6 Tips for Extraordinary Productivity: Part 1 of 2
“How do you do it? How do you able to accomplish so much, and do so without compromising results or quality.”
As a mom to 3 young kids, a wife, an entrepreneur with a growing business, and a triathlete, I get this question a lot. I used to shrug it off, reply with “I don’t know” and move on. But during a recent Vistage meeting, this question came up again. Only this time, my group wouldn’t let me get away with the same answer. They felt it was important for me to know — and for them to learn — the secrets to my extraordinary productivity. They insisted I dig in and uncover exactly how I’m able to accomplish so much, and do so without compromising results or quality.
So that’s what I did. And that’s what I’m about to share here:
Schedule the Big Rocks first
I learned this from Stephen Covey, author of “The 7 Habits of Highly Effective People”. There are Big Rocks (i.e. the things that really matter like family, health, time) and Little Rocks/Gravel (i.e. everything else). If you tried to fill up a jar with all of your rocks and gravel, but put the gravel in first, you’d have a hard time making the rest of the rocks fit. But if you put the Big Rocks in first, making them the priority, all the little rocks and gravel will find space in the cracks. Schedule your life the same way – Schedule the Big Rocks first.
“Anything less than a conscious commitment to the important is an unconscious commitment to the unimportant.” I learned this from Stephen Covey too. Before taking on a task, train your brain to recognize its importance, not just its urgency. Focusing on the urgency often leads to reacting and doing things unnecessarily. Choose to take on tasks because you recognize that they are important, not just because they are urgent. Because often times, the urgency is someone else’s, not yours. This matrix below is helpful if you try to visualize which box the given task belongs in. Working in Quadrant 1 means you are working IN the business. Working in Quadrant 2 means you are working on strategic initiatives, your vision (i.e. working ON the business, Hint: this is where you want to be!). Working in Quadrant 3 means you’re handling someone else’s urgency. Working in Quadrant 4 usually means you’re not really working.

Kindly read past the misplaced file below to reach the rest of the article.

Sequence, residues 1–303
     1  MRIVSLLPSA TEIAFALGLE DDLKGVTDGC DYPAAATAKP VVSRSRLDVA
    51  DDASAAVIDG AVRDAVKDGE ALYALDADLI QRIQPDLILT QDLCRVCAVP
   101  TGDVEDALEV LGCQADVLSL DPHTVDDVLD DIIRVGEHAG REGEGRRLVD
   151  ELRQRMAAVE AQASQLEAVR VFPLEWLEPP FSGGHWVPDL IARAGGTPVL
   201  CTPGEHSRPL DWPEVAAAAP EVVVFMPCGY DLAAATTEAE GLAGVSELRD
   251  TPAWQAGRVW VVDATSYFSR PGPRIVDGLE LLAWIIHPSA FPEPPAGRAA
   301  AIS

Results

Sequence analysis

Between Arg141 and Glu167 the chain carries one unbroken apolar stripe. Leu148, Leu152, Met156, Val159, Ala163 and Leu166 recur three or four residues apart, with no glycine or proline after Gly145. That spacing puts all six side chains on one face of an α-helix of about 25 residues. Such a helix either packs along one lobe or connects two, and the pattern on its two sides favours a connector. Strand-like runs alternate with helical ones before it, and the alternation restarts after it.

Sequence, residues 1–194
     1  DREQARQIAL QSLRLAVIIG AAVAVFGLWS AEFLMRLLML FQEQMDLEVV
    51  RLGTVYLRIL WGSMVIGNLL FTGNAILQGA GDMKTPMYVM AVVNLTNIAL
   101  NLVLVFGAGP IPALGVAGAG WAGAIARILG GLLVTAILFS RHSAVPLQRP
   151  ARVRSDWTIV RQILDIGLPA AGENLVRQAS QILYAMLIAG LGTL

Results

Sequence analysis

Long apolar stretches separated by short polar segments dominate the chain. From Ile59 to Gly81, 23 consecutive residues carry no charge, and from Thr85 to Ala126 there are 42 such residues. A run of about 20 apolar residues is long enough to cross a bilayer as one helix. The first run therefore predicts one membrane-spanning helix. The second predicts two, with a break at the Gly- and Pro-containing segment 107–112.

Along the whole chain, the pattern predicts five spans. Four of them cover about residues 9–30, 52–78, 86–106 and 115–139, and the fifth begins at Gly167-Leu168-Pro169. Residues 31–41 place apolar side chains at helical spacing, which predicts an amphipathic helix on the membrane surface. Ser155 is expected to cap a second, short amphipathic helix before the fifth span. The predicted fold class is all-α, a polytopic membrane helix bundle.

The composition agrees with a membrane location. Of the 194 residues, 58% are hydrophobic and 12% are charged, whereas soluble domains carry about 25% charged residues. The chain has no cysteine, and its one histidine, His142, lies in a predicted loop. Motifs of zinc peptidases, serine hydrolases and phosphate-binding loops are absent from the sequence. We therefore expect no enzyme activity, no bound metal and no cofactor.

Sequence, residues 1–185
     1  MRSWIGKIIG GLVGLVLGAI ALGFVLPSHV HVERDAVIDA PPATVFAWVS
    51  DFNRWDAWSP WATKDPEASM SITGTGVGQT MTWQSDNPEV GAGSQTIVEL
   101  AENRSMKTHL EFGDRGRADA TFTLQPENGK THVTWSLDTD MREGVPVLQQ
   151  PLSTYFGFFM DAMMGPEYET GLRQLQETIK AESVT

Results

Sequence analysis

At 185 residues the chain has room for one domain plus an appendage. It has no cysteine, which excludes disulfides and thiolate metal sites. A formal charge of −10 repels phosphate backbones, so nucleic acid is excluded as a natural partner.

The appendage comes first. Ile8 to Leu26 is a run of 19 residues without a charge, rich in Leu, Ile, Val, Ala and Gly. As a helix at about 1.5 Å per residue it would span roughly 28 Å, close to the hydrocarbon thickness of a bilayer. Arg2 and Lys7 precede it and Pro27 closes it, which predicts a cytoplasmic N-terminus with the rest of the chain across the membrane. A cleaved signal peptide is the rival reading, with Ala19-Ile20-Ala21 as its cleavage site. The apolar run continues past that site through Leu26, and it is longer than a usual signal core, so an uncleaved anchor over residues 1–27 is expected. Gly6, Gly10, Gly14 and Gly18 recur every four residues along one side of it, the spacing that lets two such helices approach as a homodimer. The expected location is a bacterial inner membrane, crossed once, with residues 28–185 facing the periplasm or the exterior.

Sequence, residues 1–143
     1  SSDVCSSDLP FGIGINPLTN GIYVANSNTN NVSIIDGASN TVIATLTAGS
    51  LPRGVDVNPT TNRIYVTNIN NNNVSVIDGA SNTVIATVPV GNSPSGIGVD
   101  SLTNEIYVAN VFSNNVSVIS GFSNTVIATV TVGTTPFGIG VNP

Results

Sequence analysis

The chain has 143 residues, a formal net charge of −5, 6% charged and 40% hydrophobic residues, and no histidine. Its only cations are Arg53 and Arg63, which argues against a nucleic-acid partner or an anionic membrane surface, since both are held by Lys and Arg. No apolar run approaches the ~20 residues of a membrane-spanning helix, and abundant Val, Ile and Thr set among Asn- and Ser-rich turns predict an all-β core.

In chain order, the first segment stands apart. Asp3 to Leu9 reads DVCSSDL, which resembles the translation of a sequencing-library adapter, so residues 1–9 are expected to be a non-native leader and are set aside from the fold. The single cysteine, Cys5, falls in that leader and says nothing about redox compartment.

We hear the term “mindfulness” a lot, which means living in the present moment, being aware, awakening to your current experience, and maintaining a moment-by-moment awareness of our thoughts. Mindlessness is the opposite. My friends Erick Bruck and Jane Tierney describe it as Active Meditation. Mindlessness means allowing your mind to roam free, to not think, and to not do. For me, rigorous and repetitive exercise (like running long-distance) puts me in a kind of meditative-trance. When I run, after a while, my body gets into a rhythm and my brain realizes that it can relax and just be. My mind can wander off to create, solve, resolve, find peace, etc. After I come out of my trance, I find answers to questions I had, solutions to problems I had, ideas, new opportunities, etc. It’s amazing when you let your mind create by just giving it some space to do so.
This is the first in a two-part Shirley’s Corner on Productivity. In the coming weeks, I’ll follow up with some insights about focus, distractions and some considerations I’ve found valuable for getting things done without compromising quality.